JUSTICE LEAGUE #44 — Another high-quality issue of the best arc this series has had so far. You’ve got to love Batman finding a way to level-up his dickishness With Jordan via Mobius Chair. What is the deal with that opening Joker/Batman page, though? Johns is setting up some profound retcon, I bet; there’s certainly no payoff of that deal in this issue. I wonder how many readers who bitched and mooooooaned about Busiek’s first arc on this title back ten years ago shuddered as soon as that scene ends with the mention of the planet Qward (we did admittedly spend too long on old Qward back there in that first Busiek arc). Charming times here with Negative-Superman; writing Superman as a power-mad asshole seems like lots of fun. And Flash as Black Racer is a quintessential fanboy amuck! bit of inspired madness. I love the over-the-topness of the Anti-Monitor just blasting him right through old Darkseid. And the Anti-Life Equation! That is a simple kind of embarrassing. I straight-up slapped my forehead when he hollered it out, how did everyone not see that coming like the minute this matchup was announced? I must say, though, I’m not crazy about the outcome. Deaths for shock value are surely the most played-out trope of this medium, and one of this magnitude is something you don’t really want to walk back, but that I also certainly don’t want to see stick. This Darkseid War is a great big dumb beast still lumbering in from the summer to blockbuster us all into submission with its extreme action, and it is tremendous fun.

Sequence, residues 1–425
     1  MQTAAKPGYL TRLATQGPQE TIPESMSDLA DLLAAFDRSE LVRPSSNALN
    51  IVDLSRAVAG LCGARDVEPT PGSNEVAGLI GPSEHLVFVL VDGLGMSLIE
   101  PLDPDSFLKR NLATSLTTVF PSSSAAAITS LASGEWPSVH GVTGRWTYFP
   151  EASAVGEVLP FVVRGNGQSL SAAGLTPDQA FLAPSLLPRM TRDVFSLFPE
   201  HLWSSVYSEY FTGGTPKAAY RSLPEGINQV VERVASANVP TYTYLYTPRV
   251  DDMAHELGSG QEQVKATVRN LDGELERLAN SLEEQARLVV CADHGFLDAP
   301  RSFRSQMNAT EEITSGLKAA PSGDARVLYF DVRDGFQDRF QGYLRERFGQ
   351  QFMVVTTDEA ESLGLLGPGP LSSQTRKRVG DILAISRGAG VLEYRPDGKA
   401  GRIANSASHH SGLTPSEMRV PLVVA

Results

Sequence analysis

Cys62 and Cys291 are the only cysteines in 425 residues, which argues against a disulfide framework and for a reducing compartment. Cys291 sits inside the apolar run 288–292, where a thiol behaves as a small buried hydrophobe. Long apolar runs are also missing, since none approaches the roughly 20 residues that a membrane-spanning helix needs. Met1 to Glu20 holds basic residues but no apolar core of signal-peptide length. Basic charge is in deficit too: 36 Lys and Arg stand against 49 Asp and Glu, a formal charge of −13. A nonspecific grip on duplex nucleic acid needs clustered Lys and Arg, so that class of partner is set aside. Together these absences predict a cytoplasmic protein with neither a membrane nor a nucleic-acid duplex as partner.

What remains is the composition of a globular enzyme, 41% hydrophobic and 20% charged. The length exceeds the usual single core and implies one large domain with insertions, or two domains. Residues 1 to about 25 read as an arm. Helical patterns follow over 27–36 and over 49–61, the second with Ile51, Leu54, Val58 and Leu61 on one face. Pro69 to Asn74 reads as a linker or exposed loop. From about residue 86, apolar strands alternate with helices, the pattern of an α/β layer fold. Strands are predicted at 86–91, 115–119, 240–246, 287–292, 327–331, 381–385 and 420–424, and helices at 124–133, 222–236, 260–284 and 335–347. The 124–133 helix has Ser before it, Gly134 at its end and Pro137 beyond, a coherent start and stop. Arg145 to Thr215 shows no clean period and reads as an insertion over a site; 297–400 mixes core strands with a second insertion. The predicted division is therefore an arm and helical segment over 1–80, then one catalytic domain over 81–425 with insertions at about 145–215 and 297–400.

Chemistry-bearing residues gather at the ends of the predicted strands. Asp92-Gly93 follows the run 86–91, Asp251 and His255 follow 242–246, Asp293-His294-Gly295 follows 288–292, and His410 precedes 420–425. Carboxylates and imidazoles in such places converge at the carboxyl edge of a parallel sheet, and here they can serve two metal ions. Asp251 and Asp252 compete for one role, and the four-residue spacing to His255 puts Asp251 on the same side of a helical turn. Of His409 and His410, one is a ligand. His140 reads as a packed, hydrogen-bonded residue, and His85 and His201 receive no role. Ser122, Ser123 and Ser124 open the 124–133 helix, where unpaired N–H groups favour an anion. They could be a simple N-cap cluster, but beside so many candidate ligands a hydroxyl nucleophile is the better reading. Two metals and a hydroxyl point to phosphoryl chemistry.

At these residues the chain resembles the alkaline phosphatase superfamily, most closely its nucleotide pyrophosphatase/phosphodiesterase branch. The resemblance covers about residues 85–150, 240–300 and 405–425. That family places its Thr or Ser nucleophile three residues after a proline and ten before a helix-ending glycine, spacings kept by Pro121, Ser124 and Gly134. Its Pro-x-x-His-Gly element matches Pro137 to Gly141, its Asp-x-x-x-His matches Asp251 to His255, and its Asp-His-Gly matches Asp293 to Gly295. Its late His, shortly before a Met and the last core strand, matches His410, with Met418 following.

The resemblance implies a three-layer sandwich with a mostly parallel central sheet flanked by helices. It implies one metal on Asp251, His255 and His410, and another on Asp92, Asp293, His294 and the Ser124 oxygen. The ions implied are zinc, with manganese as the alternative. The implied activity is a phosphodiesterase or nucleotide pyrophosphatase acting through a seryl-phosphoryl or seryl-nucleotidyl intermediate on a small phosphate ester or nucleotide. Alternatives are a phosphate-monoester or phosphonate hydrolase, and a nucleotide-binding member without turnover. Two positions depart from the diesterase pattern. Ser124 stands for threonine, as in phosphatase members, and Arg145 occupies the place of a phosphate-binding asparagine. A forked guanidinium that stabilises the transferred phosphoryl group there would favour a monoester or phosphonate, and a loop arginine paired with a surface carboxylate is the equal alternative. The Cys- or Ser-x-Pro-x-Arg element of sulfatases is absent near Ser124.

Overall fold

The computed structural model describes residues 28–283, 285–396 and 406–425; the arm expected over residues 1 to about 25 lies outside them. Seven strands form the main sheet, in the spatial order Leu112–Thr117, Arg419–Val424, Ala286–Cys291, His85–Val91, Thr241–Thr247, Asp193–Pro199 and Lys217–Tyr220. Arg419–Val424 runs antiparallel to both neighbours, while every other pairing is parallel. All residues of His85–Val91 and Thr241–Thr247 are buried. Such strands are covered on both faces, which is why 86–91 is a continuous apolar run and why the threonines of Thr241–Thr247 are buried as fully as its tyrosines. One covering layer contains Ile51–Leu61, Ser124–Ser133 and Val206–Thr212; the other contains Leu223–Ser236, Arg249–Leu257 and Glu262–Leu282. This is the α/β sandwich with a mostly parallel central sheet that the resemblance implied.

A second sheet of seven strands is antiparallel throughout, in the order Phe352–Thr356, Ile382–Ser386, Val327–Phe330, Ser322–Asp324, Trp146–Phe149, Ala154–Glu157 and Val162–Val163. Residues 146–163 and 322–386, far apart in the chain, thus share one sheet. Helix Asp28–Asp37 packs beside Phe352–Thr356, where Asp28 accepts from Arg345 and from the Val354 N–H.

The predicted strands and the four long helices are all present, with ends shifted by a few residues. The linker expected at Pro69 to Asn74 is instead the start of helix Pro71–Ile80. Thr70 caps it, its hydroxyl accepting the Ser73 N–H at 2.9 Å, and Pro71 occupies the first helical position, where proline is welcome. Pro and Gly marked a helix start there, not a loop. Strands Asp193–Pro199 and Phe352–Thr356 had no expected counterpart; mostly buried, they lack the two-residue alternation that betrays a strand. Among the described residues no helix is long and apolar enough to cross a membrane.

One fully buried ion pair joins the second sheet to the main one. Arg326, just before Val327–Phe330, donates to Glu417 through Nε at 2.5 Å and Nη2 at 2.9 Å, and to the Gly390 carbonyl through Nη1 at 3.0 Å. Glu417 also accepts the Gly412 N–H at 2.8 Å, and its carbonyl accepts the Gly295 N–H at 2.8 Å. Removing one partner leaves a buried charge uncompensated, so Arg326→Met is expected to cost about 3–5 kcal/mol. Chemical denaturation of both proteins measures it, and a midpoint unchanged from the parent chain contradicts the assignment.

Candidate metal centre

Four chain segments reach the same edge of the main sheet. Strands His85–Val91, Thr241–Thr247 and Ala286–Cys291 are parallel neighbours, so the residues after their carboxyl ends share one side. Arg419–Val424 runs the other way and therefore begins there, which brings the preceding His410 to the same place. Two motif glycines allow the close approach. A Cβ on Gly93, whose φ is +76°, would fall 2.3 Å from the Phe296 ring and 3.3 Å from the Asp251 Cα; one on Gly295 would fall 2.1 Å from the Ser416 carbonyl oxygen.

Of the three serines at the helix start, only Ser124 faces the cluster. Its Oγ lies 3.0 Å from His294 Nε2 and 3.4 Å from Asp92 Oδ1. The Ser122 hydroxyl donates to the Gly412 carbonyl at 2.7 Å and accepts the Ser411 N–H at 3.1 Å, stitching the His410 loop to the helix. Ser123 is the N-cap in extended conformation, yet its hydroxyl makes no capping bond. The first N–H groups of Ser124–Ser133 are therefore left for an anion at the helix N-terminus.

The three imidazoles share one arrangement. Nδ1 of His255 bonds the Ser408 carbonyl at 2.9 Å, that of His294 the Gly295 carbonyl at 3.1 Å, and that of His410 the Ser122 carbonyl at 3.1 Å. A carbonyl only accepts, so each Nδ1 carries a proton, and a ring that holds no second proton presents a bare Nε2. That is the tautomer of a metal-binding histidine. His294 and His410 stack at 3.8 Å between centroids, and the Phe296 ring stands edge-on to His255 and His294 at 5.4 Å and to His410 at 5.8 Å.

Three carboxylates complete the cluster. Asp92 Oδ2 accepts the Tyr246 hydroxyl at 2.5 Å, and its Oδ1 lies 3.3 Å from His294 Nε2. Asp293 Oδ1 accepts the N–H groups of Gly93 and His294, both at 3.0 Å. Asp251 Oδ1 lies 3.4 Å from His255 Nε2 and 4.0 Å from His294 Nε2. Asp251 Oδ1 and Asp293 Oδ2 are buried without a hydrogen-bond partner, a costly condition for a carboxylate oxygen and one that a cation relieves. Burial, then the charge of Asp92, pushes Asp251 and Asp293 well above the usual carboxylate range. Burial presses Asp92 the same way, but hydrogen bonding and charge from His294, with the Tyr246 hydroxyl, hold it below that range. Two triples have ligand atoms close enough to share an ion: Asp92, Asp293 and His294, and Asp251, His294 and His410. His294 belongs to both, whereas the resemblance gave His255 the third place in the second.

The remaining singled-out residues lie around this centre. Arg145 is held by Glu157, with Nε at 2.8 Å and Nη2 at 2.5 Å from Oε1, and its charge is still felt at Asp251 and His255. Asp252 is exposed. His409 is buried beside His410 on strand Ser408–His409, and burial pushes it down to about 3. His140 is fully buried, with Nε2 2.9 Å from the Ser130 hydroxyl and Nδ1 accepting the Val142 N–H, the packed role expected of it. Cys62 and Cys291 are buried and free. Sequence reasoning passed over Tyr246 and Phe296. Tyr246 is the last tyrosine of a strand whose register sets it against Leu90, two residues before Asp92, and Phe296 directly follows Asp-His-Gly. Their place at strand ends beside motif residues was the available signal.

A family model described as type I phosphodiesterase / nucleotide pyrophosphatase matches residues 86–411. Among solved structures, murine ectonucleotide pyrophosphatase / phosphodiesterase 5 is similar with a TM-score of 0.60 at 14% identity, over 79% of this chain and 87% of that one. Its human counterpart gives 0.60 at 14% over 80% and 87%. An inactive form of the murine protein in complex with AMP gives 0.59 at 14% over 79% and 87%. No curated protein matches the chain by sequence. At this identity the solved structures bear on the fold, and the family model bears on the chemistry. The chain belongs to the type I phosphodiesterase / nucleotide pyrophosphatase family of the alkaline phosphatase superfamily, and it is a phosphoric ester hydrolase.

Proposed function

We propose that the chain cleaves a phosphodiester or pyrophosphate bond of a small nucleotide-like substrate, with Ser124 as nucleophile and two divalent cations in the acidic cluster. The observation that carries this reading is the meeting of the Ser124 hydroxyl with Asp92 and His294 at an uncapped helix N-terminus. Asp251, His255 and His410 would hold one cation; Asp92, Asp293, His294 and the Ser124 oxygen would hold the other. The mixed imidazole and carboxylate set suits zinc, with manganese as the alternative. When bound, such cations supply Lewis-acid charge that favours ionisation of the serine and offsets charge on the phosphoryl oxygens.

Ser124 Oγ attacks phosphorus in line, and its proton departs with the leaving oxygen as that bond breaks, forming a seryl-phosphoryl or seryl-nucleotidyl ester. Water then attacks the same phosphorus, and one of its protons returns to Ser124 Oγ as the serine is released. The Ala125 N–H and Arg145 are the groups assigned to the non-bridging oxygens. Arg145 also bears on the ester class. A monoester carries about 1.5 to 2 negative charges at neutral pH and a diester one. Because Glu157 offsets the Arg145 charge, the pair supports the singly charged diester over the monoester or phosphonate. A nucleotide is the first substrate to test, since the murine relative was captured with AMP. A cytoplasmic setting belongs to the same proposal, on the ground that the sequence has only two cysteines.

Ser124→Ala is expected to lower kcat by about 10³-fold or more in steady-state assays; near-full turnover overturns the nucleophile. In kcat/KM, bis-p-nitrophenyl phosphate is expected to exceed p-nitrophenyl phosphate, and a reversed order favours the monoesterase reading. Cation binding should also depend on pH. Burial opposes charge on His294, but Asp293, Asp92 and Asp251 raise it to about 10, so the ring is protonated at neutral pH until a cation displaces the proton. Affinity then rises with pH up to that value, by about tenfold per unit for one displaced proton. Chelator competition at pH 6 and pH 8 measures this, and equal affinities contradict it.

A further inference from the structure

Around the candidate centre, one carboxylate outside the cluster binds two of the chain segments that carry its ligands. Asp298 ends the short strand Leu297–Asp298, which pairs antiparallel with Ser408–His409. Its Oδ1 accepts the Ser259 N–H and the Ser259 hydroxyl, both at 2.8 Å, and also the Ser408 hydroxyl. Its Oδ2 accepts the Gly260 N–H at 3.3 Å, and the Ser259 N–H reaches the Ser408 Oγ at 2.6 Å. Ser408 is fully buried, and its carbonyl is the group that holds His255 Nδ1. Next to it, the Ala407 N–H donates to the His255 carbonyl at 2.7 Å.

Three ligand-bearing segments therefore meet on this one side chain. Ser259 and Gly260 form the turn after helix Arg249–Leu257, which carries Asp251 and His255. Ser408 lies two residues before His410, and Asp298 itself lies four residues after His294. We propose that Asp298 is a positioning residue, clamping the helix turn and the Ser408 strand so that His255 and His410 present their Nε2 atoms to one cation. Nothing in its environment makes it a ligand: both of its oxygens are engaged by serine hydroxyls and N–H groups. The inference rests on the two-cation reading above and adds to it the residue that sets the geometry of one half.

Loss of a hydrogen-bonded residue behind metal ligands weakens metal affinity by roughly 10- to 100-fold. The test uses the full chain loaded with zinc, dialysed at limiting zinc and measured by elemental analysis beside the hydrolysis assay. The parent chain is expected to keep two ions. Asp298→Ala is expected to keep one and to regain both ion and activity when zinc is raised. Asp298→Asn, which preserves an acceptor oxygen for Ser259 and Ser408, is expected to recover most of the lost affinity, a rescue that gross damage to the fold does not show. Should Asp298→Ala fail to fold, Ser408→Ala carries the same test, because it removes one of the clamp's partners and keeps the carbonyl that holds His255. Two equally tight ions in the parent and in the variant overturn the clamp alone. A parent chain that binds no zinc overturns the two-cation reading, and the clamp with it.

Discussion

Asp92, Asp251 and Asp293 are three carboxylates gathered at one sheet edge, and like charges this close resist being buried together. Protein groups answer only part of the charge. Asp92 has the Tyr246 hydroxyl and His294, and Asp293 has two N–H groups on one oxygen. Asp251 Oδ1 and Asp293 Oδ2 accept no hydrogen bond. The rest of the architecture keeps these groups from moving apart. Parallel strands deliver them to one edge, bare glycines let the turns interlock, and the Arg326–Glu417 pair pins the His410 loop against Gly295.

SUPERMAN #44 — Maybe I’m getting tired of Brother’s depowered skill set? It just isn’t that fascinating to watch him throw down with The Royal Flush Gang, you know? The stuff with Perry rang true, though. That was solid work in this issue. Everything else felt a little bit rote. I’m already about Hordr’d out, I think. Hordr!

GRAYSON ANNUAL #2 — Nice deal, here. Seeley/King turn in another solid script that never fails to frame the characters in the foreground, and Alvaro Martinez’s sequentials are perfectly serviceable. I’ve always dug the jocular almost uncle/nephew relationship that Dick and Clark have, and this issue does fine work mining it, both past and present. With a bit of Luthor ex machina to seal the deal, even. This is not as devastating as other ancillary issues of this title but is still more well-crafted than the majority of mainstream superhero books on the rack.